Natividad Agana was rushed to the Medical City Hospital because of difficulty of bowel movement and bloody anal discharge. Dr. Miguel Ampil, diagnosed her to be suffering from “cancer of the sigmoid.” Dr. Ampil, assisted by the medical staff of the Medical City Hospital, performed an anterior resection surgery on Natividad. He found that the malignancy in her sigmoid area had spread on her left ovary, necessitating the removal of certain portions of it. Thus, Dr. Ampil obtained the consent of Natividad’s husband, Enrique Agana, to permit Dr. Juan Fuentes, to perform hysterectomy on her.
After Dr. Fuentes had completed the hysterectomy, Dr. Ampil took over, completed the operation and closed the incision. However, the operation appeared to be flawed. After a couple of days, Natividad complained of excruciating pain in her anal region. She consulted both Dr. Ampil and Dr. Fuentes about it. They told her that the pain was the natural consequence of the surgery.
Two weeks after Natividad returned from the United States to seek further treatment, her daughter found a piece of gauze protruding from her vagina. Upon being informed about it, Dr. Ampil proceeded to her house where he managed to extract by hand a piece of gauze measuring 1.5 inches in width. He then assured her that the pains would soon vanish.
Dr. Ampil’s assurance did not come true. Instead, the pains intensified, prompting Natividad to seek treatment at the Polymedic General Hospital. While confined there, Dr. Ramon Gutierrez detected the presence of another foreign object in her vagina — a foul-smelling gauze measuring 1.5 inches in width which badly infected her vaginal vault. A recto-vaginal fistula had formed in her reproductive organs which forced stool to excrete through the vagina. Another surgical operation was needed to remedy the damage.
Natividad and her husband filed with the RTC a complaint for damages against the Professional Services, Inc. (PSI), owner of the Medical City Hospital, Dr. Ampil, and Dr. Fuentes. They alleged that the latter are liable for negligence for leaving two pieces of gauze inside Natividad’s body and malpractice for concealing their acts of negligence.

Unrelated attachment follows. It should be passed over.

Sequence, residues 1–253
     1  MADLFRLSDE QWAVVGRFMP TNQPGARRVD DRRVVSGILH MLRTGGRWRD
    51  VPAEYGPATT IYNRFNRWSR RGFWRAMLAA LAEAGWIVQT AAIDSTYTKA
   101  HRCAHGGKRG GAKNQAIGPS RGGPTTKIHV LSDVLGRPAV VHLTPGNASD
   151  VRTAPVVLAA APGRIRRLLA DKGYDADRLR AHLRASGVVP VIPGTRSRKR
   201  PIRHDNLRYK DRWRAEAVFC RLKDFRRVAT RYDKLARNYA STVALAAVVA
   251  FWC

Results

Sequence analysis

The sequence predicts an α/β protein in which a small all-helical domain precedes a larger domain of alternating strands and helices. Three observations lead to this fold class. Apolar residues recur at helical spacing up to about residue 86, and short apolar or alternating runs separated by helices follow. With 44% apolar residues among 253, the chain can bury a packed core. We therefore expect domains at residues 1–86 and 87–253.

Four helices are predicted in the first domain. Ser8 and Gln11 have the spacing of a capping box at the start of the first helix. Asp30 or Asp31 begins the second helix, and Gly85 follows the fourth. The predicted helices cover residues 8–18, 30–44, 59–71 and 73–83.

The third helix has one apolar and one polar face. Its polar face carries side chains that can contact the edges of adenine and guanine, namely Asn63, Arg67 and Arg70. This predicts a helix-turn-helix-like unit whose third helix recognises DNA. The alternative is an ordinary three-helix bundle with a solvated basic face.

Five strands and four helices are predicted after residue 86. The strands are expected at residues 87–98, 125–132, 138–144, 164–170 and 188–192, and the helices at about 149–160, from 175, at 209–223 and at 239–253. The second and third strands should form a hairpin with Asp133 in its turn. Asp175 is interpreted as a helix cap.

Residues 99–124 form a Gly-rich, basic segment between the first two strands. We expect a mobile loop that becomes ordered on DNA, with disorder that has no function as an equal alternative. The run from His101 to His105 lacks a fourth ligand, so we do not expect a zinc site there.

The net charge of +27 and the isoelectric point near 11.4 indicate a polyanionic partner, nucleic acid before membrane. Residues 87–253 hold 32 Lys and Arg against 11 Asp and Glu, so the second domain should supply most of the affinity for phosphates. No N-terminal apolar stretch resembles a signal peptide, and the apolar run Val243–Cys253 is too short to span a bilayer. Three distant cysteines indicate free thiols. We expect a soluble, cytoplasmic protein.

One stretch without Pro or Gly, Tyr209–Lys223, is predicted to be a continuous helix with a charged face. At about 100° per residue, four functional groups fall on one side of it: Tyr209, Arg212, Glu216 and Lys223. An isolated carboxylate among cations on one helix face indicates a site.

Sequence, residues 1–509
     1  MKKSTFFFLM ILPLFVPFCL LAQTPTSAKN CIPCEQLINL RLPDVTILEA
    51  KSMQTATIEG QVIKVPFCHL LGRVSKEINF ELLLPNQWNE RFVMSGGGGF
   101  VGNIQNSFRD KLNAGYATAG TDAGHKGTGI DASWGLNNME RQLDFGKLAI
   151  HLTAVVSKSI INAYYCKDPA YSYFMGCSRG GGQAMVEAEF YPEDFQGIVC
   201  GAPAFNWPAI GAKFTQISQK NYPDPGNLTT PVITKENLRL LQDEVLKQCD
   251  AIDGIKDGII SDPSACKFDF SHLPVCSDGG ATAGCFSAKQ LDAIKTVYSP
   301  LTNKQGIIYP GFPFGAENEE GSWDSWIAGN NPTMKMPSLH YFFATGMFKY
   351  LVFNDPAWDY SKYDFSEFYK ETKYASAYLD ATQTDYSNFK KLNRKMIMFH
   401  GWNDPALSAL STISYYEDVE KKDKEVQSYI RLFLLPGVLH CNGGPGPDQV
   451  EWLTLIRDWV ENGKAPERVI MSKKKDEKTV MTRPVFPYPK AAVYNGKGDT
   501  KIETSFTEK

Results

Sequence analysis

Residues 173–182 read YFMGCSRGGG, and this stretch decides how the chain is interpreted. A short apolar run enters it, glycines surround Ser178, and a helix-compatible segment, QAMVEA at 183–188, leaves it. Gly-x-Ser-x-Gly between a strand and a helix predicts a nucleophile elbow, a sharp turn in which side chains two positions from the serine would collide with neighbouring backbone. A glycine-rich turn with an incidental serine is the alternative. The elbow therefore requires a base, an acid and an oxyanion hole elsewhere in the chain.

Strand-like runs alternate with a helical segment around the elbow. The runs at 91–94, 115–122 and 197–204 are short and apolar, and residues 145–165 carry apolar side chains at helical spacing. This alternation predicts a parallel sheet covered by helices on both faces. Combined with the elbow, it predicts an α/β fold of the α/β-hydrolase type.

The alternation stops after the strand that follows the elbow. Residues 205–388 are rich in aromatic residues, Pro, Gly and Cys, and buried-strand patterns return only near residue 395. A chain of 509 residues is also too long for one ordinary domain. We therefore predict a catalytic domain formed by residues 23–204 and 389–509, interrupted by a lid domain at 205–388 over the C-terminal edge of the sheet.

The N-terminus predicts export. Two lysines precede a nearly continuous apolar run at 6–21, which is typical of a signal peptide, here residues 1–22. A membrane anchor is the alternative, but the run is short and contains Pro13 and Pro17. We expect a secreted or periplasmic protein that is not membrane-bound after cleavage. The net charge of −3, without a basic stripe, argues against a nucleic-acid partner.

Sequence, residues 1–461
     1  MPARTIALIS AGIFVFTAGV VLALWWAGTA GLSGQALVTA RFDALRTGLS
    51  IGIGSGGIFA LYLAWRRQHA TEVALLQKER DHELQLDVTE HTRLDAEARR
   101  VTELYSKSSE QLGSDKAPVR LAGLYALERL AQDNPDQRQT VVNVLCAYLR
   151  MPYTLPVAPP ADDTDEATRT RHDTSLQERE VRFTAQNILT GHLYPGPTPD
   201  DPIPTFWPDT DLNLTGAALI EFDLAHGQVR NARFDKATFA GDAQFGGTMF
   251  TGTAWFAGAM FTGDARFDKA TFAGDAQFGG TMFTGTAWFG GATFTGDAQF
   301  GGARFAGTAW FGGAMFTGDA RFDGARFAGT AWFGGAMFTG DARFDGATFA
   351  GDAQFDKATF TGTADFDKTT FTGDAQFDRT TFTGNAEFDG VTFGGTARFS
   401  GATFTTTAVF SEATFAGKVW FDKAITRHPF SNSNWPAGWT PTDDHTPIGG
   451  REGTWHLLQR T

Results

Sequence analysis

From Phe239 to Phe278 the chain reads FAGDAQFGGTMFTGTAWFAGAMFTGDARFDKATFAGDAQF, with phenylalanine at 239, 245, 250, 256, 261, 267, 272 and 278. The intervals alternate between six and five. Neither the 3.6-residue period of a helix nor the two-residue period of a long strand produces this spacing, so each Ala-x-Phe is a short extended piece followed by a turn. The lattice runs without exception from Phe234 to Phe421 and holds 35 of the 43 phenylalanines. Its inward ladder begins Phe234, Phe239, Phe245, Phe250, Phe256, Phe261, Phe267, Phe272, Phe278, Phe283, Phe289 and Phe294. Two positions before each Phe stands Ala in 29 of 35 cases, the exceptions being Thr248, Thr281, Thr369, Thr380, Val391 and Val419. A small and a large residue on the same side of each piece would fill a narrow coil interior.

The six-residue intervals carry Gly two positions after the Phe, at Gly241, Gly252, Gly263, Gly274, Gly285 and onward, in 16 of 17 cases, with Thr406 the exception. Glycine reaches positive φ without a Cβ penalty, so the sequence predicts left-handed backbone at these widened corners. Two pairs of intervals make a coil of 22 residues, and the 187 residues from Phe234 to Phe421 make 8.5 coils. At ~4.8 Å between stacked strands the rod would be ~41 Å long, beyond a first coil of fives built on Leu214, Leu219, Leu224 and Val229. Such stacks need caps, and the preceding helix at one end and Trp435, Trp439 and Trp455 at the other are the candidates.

Pending the outcome of the above cases, Natividad died and was duly substituted by her children (the Aganas). The RTC rendered its Decision in favor of the Aganas, finding PSI, Dr. Ampil and Dr. Fuentes liable for negligence and malpractice.
The Court of Appeals rendered its Decision dismissing the case against Dr. Fuentes with Dr. Ampil liable to reimburse Professional Services, Inc., whatever amount the latter will pay or had paid to the plaintiffs.
Issues: Whether or not PSI may be held solidarily liable for the negligence of Dr. Ampil.
Held: Yes, PSI is solidarily liable for the negligence of Dr. Ampil. In Ramos v. Court of Appeals, the court held that private hospitals, hire, fire and exercise real control over their attending and visiting ‘consultant’ staff. While ‘consultants’ are not, technically employees, the control exercised, the hiring, and the right to terminate consultants all fulfill the important hallmarks of an employer-employee relationship, with the exception of the payment of wages. The court held that for the purpose of allocating responsibility in medical negligence cases, an employer-employee relationship in effect exists between hospitals and their attending and visiting physicians.
In addition to the pronouncement in Ramos vs CA, Its liability is also anchored upon the agency principle of apparent authority or agency by estoppel and the doctrine of corporate negligence.